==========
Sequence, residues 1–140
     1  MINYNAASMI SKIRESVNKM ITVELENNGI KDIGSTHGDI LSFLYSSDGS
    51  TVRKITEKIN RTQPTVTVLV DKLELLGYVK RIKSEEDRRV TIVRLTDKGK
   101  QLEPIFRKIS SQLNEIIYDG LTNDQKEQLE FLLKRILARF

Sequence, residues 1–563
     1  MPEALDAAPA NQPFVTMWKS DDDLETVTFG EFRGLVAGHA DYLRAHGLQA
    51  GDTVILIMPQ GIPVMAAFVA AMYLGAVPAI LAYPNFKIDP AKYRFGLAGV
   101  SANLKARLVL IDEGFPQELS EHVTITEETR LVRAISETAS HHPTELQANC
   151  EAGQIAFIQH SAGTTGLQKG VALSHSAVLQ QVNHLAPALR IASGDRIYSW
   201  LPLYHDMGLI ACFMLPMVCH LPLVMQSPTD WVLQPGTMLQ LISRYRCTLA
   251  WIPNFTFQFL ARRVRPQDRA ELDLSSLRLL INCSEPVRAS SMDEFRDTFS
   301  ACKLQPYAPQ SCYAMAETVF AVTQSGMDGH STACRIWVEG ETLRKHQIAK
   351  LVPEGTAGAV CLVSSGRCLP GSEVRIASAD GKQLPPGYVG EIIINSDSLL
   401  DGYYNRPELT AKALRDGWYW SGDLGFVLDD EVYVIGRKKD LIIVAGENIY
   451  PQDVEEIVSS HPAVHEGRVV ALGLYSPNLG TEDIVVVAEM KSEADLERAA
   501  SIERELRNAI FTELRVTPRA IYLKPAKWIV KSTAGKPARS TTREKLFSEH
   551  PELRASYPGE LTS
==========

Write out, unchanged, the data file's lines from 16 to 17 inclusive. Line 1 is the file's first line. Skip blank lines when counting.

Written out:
   501  SIERELRNAI FTELRVTPRA IYLKPAKWIV KSTAGKPARS TTREKLFSEH
   551  PELRASYPGE LTS